Among the trivial examples of potentials already analyzed in the literature, we find the “Down-and-Out” barrier option, where the stock price has to be over some minimal value, below which it becomes worthless. This behavior can be guaranteed with an infinite potential barrier boundary condition imposed for the value of the corresponding price. This case can be worked out directly from the non-Hermitian Hamiltonian defined in Equation (31). Another example of potential corresponds to the “Double-Knock-Out” barrier option, where it is easier to work with the Hermitian Hamiltonian part as it is defined in Equation (34), but including the potential part as follows
H ^ D B = H ^ B S + V ^ ( x ) = e s H ^ H e r m + V ^ ( x ) e s .
This definition is used for analyzing cases where the stock has to be maintained between a maximal and a minimal value. Note that the definition (38) can be also used for the analysis of the “Down-and-Out” barrier if we focus on the non-Hermitian part (the term in the middle of the equation) with the corresponding potential. Note that these examples of potentials representing real situations are trivial cases. More details about these examples can be found in [6].

6. Deeper Analysis for the Black–Scholes and the Merton–Garman Equation

If we analyze the martingale condition, we can notice that its interpretation as a vacuum condition is not perfect. The reason is that although the Hamiltonian annihilates the martingale state | S , as can be seen from Equation (30), the momentum operator corresponding to the prices of the options ( p ^ x ) does not annihilate the vacuum perfectly. This can be seen from their definitions as follows
p ^ x | S = e x | S .
This means that the symmetry under translations of the prices, carried out from the security S, is spontaneously broken. An exception is the case where S 0 and then x , as can be seen from Equation (18). This, however, would give us a trivial value for the security as S = 0 . For general values, the symmetry under translations of prices is spontaneously broken. This means that the different values of S represent different possible vacuums or ground states. Different vacuums, however, would have different amounts of information because under the ideal conditions, all the information of the market is stored inside the prices. The action of p ^ x over | S then maps one vacuum toward another one defined through the selected value x. Such operation could be seen as a rotation in a complex plane if we make the transformation of variables x i n θ . In such a case, we have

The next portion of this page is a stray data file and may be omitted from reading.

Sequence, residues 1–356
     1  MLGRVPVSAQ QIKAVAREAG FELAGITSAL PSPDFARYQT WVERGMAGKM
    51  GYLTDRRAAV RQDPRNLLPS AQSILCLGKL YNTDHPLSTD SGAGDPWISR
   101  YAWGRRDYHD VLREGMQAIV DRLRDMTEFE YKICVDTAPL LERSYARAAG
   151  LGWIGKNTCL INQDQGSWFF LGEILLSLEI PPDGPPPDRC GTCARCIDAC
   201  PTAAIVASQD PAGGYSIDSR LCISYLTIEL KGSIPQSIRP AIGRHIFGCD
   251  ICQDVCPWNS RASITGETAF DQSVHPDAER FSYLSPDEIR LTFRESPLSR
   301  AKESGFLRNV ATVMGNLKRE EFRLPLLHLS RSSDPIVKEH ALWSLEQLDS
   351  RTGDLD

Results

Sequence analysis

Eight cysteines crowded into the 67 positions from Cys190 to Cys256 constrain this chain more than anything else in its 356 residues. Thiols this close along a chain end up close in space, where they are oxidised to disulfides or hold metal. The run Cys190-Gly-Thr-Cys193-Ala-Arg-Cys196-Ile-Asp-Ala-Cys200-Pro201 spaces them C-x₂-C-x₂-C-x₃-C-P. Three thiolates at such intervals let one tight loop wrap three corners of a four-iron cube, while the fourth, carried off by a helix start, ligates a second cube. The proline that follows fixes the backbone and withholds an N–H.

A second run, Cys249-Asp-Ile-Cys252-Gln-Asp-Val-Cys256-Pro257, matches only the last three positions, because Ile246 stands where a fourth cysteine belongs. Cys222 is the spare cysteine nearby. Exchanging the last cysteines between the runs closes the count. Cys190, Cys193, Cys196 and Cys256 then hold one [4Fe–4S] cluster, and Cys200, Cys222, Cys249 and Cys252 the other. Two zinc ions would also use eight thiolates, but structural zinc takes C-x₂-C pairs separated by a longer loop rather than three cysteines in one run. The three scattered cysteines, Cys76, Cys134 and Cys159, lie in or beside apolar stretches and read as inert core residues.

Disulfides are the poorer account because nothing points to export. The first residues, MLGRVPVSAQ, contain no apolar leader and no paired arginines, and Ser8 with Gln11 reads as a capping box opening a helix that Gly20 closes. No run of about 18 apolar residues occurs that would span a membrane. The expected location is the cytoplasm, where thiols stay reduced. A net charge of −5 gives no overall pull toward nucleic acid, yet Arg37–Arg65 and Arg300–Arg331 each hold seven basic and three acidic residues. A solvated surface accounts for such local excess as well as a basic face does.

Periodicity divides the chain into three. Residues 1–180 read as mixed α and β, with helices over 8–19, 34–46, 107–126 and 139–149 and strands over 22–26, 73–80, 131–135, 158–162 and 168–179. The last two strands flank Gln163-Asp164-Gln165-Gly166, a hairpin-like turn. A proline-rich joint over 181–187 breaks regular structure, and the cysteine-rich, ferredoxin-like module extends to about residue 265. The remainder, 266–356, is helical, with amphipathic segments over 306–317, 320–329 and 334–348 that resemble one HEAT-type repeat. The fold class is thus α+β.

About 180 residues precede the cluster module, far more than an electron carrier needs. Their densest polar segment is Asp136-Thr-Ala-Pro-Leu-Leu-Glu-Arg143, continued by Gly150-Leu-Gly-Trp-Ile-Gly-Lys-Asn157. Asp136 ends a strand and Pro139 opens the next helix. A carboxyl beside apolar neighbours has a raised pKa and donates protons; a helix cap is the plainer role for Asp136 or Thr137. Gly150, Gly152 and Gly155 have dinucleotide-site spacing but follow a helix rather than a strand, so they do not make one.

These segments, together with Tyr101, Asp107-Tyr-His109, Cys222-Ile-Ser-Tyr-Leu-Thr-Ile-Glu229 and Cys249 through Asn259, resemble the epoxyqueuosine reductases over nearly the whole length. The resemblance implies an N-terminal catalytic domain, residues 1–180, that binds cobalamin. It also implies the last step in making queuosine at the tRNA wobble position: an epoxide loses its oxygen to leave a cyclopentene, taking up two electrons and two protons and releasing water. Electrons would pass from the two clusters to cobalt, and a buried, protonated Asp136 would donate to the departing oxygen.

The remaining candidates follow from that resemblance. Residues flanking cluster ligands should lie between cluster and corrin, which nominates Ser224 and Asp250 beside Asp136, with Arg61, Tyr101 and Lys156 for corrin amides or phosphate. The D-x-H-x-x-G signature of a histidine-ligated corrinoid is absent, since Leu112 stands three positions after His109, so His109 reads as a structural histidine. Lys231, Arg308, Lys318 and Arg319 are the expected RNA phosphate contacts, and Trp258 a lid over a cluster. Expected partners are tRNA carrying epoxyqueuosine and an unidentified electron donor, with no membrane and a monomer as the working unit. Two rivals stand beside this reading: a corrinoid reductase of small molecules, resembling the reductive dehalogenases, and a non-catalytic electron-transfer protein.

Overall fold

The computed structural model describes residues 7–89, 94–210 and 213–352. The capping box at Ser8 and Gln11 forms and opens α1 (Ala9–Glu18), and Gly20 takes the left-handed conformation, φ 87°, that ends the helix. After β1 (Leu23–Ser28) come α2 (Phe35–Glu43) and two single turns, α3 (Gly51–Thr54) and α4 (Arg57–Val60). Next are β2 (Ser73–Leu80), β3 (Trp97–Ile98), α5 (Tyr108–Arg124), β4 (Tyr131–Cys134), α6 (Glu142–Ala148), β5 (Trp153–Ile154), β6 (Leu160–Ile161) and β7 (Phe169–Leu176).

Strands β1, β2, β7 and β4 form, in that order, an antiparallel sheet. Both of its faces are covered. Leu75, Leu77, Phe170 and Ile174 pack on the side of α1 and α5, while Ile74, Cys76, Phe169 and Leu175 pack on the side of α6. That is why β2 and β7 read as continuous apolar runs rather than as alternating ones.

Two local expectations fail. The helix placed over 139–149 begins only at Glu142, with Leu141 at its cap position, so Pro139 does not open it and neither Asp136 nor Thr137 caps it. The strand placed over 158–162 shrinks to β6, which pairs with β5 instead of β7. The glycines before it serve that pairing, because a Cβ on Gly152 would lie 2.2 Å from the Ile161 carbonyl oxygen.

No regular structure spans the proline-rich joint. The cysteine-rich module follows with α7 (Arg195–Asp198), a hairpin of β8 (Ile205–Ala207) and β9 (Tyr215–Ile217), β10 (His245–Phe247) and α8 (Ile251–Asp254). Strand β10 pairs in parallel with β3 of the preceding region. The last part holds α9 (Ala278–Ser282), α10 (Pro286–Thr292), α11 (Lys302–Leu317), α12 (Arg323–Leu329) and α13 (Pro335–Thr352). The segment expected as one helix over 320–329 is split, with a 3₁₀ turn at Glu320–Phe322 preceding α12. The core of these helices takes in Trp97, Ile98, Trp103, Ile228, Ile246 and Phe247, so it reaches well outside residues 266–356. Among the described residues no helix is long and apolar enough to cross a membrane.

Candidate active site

p ^ x | S = e i n θ | S =   | S   | S .
Here n is just a number and θ is a dimensionless phase. After this change of variable, the action of p ^ x is to map one vacuum into another one through a rotation defined by the phase θ . This condition shows the vacuum degeneracy. The same condition has different meanings depending on whether we consider the BS or the MG equation. This important detail about the Martingale condition deserves more attention.

6.1. Standard Definition of Spontaneous Symmetry Breaking

In standard situations, the ground state of a system shares the same symmetries of its Hamiltonian (Lagrangian). However, under special circumstances, for some specific combinations of the free-parameters, the equilibrium configuration of the system might change, up to the point of developing a new vacuum state configuration. When spontaneous symmetry breaking occurs, the free-parameters of a system take some values for which the single vacuum state, being fully symmetric, becomes unstable [9,38,39,40]. In such a case, then any small fluctuation on the system forces it to select a more stable vacuum which does not respect all the symmetries of the system. The symmetries of the system which the vacuum does not satisfy are called broken symmetries [9,38,39,40]. In these situations we claim that some of the symmetries of the system are spontaneously broken. The most famous example of spontaneous symmetry breaking is the case of the “Mexican hat” [9,38,39,40]. We can take, for example, the following Lagrangian corresponding to a complex scalar field ϕ [9,38,39,40]